Presentation on theme: "Write down all the sports you can think of Provide a definition of the word ‘cup’ List items you would take out of your house in case of fire In the movie."— Presentation transcript:
Write down all the sports you can think of Provide a definition of the word ‘cup’ List items you would take out of your house in case of fire In the movie ‘Face off’, Nicholas Cage gets John Travolta’s face. Does he become John Travolta? (‘Big’) Is the next animal a bird? (yes/no)
–Name the race of the following celebrities Britney Spears Michael Jackson Ghandi Michael Jordan Yo Yo Ma Yao Ming
Course Overview Knowledge Types of Knowledge - Concepts & categories ch. 3: Vision. How are objects recognized? -It looks easy but it’s not Ch. 6-11: Memory - to know is to remember The Brain Acquisition (perception) ch.4: Attention. -Filters perceptual input ch. 5: Working Memory - Buffer for mental representations Use - Deficits & Errors Ch : Reasoning - inductive - deductive Problem Solving Ch 4:Executive Functions - Visual Knowledge - Language
Concepts & Categories What is a concept? Why are concepts useful? The structure of concepts (rules that guide how/why things are clustered into certain categories) –Similarity-based views The Classical view Probabilistic Views –Prototypes –Exemplars –Theory-based views Essence Errors and Stereotypes
What is a concept? Part of semantic memory (vs. episodic memory) A class of items that seem to belong together –‘dog’, ‘balloon’, ‘terrorist’ (things) –‘tall’, ‘ugly’ (properties) –‘walk’, ‘jump’ (actions) A mental construct (vs. the outside world) Abstract knowledge
Why are concepts useful? Functions Coding of experience: Classification of items as members of the same category –Reduces cognitive demands –Facilitates communication –Inductive Inferences Natural kinds vs. artifacts –Combines to create complex categories Contact lens Digital Camera
The structure of concepts How are things clustered into categories? Based on similarity Based on theories
What does it mean to know what a ‘dog’ is? Classical View: –To know what a ‘dog’ is, is to know its definition. –Dog = mammal, four legs, barks, wags tail –These properties are Singly necessary: every member must have them Jointly sufficient: everything that have them is a member –Categories have sharp boundaries Either you are in or you are out –Categories have a homogeneous space Everyone that is ‘in’ is equally good member of the category Classification => compare properties of instance to definition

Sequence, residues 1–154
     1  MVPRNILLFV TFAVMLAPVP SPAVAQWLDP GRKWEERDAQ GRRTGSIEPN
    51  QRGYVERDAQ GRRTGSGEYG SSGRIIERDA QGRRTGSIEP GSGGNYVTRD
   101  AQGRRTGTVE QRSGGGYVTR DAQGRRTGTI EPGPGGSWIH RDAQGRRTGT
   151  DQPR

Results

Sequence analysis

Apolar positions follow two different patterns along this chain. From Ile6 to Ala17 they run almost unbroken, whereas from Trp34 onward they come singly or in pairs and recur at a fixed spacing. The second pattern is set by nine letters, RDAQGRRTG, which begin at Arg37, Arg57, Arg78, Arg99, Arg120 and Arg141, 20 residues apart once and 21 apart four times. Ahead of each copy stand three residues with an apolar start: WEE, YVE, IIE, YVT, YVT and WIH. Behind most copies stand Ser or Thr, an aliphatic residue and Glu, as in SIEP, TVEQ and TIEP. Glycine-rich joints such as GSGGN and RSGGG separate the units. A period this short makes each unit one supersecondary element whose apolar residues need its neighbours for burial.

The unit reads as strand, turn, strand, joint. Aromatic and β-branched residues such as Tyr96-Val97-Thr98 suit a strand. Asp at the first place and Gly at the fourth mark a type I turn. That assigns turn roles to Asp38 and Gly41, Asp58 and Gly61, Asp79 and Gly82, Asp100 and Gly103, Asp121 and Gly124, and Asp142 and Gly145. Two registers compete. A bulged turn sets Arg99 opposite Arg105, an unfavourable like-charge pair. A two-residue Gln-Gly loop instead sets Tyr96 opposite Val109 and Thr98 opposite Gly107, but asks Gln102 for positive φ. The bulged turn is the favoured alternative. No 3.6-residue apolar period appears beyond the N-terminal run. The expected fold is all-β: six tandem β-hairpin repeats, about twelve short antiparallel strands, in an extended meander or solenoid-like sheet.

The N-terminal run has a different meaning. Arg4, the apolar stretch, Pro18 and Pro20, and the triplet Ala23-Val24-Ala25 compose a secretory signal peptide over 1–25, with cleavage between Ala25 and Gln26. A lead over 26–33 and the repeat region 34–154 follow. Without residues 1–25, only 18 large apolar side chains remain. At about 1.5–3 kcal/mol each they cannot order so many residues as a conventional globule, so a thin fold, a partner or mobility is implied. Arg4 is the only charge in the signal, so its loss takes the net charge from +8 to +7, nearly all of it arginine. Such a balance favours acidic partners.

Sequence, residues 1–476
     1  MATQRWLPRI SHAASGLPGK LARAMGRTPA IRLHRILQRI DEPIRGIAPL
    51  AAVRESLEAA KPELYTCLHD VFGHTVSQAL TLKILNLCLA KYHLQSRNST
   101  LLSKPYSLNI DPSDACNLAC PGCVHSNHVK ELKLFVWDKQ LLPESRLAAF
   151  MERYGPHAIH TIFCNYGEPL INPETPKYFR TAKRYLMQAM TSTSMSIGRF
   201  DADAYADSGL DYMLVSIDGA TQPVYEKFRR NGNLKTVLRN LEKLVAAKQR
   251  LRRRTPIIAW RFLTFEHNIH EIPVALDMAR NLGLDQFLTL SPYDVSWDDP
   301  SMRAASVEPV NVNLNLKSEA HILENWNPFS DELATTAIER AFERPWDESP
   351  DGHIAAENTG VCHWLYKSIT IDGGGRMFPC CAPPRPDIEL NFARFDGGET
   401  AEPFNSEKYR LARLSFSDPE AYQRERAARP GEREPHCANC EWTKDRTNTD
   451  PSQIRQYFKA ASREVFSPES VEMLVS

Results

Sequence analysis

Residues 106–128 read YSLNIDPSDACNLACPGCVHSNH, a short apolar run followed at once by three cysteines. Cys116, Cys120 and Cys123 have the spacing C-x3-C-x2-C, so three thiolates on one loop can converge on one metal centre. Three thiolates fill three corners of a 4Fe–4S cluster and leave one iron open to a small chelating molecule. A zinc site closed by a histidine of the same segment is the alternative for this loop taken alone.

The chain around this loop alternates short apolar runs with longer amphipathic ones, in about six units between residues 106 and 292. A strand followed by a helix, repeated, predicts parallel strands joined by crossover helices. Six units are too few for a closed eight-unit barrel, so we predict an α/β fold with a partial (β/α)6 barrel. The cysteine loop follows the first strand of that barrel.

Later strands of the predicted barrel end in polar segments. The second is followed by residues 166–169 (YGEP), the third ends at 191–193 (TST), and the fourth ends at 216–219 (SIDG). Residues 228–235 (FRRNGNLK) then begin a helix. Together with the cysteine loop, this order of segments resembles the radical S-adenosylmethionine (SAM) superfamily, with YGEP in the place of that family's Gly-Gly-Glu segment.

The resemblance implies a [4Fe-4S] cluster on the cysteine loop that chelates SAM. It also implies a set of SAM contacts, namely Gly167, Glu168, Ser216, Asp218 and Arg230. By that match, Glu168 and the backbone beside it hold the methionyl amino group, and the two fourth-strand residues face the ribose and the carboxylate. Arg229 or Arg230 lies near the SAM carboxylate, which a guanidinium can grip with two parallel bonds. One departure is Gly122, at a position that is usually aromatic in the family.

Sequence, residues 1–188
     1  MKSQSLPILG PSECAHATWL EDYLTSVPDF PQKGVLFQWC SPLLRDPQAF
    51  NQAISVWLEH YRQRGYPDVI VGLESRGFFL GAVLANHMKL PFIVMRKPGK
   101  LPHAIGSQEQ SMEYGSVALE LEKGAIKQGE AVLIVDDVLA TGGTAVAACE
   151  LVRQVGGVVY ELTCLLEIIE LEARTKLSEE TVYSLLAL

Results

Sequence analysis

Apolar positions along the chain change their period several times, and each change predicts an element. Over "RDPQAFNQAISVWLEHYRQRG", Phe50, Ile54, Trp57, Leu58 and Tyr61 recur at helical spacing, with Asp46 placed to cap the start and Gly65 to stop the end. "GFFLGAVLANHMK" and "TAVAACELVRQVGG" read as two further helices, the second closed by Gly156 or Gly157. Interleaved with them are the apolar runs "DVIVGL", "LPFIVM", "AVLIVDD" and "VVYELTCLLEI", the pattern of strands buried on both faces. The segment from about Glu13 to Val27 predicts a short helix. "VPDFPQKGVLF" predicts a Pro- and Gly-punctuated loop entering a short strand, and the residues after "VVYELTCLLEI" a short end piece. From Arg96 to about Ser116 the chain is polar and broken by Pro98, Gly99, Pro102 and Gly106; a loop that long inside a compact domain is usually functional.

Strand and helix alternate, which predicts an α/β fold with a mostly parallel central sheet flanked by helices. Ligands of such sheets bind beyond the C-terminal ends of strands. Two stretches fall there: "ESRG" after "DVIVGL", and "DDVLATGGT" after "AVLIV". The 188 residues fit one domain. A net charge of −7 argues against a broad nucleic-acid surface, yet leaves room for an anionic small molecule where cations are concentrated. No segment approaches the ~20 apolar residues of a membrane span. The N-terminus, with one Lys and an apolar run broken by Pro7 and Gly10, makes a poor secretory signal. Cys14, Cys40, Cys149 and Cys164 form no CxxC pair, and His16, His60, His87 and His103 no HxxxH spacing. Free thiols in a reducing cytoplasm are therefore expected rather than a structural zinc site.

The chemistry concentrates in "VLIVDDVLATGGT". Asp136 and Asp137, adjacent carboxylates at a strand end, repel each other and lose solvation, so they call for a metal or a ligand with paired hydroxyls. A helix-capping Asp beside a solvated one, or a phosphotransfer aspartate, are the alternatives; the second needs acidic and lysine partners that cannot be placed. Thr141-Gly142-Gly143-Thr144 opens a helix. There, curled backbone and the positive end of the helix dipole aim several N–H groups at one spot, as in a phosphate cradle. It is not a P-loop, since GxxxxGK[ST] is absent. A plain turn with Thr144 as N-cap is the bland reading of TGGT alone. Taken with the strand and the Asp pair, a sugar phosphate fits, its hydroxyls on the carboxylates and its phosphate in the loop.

Classical View: Problems Good definitions are hard to find! Example: A bachelor is an unmarried man –is my kid a bachelor? Adult –is the pope a bachelor? intention to get married Some members are more typical than others (Categories have internal structure)
Classical View: Problems Good definitions are hard to find! (games, Wittgenstein) Typicality effects (tea cup vs. Stanley cup) Solution : –There are no defining properties, but rather –properties characteristic of the group (typical features)
A prototype: –contains salient features that are true of most instances –is an abstract representation that could: Be the average of several instances Have the most frequent features, or Be the ideal Prototype Theory (Rosch) –specify the “center” of the category, –leave ‘fuzzy’ boundaries –graded category membership (tea cup vs. Stanley cup) Classification => comparison to prototype
Evidence Consistent with Prototype View 2. Sentence verification RT [Robin is bird] << RT [Penguin is bird ] 1. Production Robin mentioned before Penguin
Further Evidence for Prototype View 3. Picture Identification Sparrow identified faster than ostrich 4. Induction: Sparrow have X -> all birds have X but not Ostrichs have X -> all birds have X